While the world struggles against a microbial and deadly menace, nature itself is under assault from threats coming in the other direction — the deliberate and steady overthrow by the Trump administration of environmental regulations, some in place for decades.
President Donald Trump's relentless attack on sane and enlightened environmental policy tramples years of intense work among environmental groups, U.S. industry and politicians of every stripe to achieve broad consensus on pressing issues. The attack also shreds the plea of Pope Francis' "Laudato Si', on Care for Our Common Home," the encyclical that gathers into one document Catholic thinking, accumulated over years, about the faith community's relationship to creation.
NCR staff writer Brian Roewe's exhaustive report on Catholic observation of the first Earth Day, on the 50th anniversary of that celebration, shows that concern for the environment has long been a constituent part of the Catholic understanding of right to life. All other life issues become meaningless if, in pursuit of economic convenience and dominance, Earth is destroyed.
As is the case with so much else occurring in government below the understandable daily din of news about the novel coronavirus, Trump's campaign to undo bipartisan accomplishments achieved over more than half a century draws little attention. It was under President Richard Nixon, who detailed elaborate plans for addressing environmental threats, established the Environmental Protection Agency by executive order in 1970. The agency went on to pass the Clean Air Act.
Trump's disdain for the environment is loudly announced by nature of the cronies he chooses to carry out his policies, chief among them the current EPA administrator, Andrew Wheeler, previously a lobbyist for the coal industry. Wheeler's predecessor, Scott Pruitt, a climate change denier, was hounded out of office in disgrace, under investigation for a range of conflicts of interest and spending scandals. The administration has also received all the help it's needed in this offensive against Earth from Republican members of Congress.
Last December, The New York Times published a detailed list of 95 environmental rules either rolled back or in the process of being rolled back.
The Trump anti-environment juggernaut has run into obstacles along the way, most often in the form of legal challenges, some of which have been successful. But the campaign is relentless and, in other ways, unrestrained.
The administration has targeted regulations responsible for cleanup of air and water that took years to achieve. It has rolled back workplace regulations that protected the health of workers and it has attempted to cut nearly all restraints on the use of pristine and previously protected lands for drilling and extraction operations.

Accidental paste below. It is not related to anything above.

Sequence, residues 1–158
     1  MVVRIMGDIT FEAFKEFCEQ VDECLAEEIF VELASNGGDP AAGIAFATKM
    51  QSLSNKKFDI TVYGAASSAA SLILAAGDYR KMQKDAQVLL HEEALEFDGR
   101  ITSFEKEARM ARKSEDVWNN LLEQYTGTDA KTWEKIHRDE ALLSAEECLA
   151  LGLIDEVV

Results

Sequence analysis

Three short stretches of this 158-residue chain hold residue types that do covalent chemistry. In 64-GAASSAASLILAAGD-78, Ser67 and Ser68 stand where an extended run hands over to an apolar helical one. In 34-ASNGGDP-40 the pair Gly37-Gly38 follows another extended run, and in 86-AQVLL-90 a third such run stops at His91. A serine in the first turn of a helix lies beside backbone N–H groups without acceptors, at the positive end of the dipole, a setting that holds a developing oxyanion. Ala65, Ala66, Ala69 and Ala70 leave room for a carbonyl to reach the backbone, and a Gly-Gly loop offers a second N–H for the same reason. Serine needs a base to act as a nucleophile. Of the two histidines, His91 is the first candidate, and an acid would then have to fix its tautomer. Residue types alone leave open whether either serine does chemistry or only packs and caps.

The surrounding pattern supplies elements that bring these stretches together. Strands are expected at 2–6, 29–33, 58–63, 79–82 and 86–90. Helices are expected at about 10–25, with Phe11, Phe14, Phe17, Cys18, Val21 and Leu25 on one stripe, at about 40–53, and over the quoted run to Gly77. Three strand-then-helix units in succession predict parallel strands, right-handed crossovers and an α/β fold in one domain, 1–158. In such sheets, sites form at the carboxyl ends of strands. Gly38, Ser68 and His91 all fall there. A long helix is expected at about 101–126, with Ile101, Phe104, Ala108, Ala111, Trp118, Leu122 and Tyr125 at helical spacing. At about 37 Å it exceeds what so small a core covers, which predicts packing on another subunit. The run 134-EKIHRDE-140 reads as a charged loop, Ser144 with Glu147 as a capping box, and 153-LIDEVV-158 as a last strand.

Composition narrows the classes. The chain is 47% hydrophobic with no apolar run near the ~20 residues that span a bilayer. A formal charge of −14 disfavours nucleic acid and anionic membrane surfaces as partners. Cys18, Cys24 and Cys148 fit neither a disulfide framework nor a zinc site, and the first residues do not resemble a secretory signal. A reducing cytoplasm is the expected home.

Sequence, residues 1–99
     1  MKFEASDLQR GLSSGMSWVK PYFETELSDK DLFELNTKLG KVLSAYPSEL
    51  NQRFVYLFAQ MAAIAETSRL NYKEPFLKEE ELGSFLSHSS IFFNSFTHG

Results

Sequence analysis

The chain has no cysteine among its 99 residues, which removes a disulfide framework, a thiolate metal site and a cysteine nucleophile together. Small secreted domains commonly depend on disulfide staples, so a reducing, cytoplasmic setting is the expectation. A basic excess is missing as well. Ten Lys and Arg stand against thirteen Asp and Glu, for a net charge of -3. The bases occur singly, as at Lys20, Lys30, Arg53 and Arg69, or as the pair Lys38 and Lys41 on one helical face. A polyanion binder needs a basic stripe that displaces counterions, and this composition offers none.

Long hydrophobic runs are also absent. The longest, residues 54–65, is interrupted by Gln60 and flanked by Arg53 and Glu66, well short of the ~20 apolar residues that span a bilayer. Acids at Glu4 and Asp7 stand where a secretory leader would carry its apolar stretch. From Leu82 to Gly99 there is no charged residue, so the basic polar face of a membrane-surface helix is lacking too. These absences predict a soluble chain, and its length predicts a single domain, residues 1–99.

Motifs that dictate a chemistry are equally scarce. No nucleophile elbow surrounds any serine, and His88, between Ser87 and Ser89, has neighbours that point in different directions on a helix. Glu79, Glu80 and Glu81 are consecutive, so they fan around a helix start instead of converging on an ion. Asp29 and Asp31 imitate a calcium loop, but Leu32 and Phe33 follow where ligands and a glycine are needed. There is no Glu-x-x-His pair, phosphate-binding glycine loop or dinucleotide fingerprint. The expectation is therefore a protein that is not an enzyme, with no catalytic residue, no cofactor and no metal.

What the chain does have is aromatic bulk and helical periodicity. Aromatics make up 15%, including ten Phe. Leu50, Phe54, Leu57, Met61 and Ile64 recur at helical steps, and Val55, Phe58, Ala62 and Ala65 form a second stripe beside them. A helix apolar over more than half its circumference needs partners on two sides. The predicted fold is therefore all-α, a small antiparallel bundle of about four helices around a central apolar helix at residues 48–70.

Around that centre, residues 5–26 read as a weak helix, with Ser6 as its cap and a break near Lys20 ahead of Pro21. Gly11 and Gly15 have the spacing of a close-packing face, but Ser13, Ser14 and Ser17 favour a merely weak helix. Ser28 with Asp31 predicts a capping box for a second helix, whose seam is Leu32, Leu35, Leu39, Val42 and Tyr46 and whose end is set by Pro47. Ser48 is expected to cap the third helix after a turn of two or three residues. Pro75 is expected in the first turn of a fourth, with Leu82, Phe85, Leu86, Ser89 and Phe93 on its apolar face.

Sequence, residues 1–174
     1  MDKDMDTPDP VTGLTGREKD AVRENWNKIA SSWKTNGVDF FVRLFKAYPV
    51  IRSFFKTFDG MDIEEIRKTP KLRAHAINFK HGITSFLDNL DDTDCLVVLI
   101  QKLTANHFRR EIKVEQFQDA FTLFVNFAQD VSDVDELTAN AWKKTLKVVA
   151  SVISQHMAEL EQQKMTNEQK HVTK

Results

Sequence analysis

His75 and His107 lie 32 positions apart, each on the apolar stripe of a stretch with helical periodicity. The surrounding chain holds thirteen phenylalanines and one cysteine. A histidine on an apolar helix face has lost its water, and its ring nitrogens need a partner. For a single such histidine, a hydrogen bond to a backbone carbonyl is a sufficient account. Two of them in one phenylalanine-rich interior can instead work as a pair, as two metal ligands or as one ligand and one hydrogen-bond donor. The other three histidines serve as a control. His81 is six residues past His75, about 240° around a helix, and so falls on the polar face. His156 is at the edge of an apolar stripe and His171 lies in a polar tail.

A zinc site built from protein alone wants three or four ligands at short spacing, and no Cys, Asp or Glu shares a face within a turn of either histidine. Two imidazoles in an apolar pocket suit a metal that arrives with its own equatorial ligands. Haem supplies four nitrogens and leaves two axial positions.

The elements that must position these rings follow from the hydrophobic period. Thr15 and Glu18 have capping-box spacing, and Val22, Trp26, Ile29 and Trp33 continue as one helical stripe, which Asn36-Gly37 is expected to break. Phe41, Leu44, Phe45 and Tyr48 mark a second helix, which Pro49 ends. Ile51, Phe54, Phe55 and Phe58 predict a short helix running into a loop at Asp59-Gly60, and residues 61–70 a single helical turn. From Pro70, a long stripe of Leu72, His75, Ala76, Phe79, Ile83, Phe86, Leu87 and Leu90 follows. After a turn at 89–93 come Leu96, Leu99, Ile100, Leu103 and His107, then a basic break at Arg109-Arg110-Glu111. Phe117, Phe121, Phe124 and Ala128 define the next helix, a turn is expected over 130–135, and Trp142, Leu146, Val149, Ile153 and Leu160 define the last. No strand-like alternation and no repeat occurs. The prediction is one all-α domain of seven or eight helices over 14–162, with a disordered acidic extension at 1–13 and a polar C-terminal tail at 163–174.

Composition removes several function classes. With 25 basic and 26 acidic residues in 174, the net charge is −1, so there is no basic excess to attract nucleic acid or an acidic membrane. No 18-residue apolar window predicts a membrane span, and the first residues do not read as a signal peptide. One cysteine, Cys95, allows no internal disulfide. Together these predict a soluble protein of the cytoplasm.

Most recently, the EPA has targeted Obama-era regulations on the coal industry on whose behalf Wheeler once lobbied, regulations limiting mercury emissions from coal-fired utilities.
Releases of mercury, a toxin that causes brain damage and can be transmitted in food and fish contaminated by its release into the atmosphere, have been reduced from the major source of emissions, coal-fired power plants, by 85% in the past decade, according to environmental groups.
What's more, the nation's power industry said it's fine with mercury regulations as they are. The industry says it has invested $3 billion annually, below what it had originally estimated would be needed. Exelon, one of the nation's largest utilities, has called the Trump attempt to turn back the regulations "an action that is entirely unnecessary, unreasonable, and universally opposed by the power generation sector."
Said a spokesperson for the company, "And it works. The sector has gotten so much cleaner as a result of this rule."
Cutting into regulations on mercury emissions and reversing rules on emissions from autos and light trucks, both Obama-era environmental initiatives, are centerpieces of Trump's vanity project to eliminate the previous administration's progress. The activity also plays to a base and libertarian supporters who are indiscriminately opposed to government regulations.
But the perceived gains are demonstrably shortsighted, as countless analyses of long-term costs in health and environmental damage bear out. Beyond that, the auto industry, already geared up to produce more fuel-efficient and less polluting vehicles, will go through a period of uncertainty as legal battles over the rollback get underway.
It would have been difficult for Catholics observing Earth Day 50 years ago to imagine how much progress a country could make addressing environmental threats, nor how quickly and thoroughly that progress itself could be undone.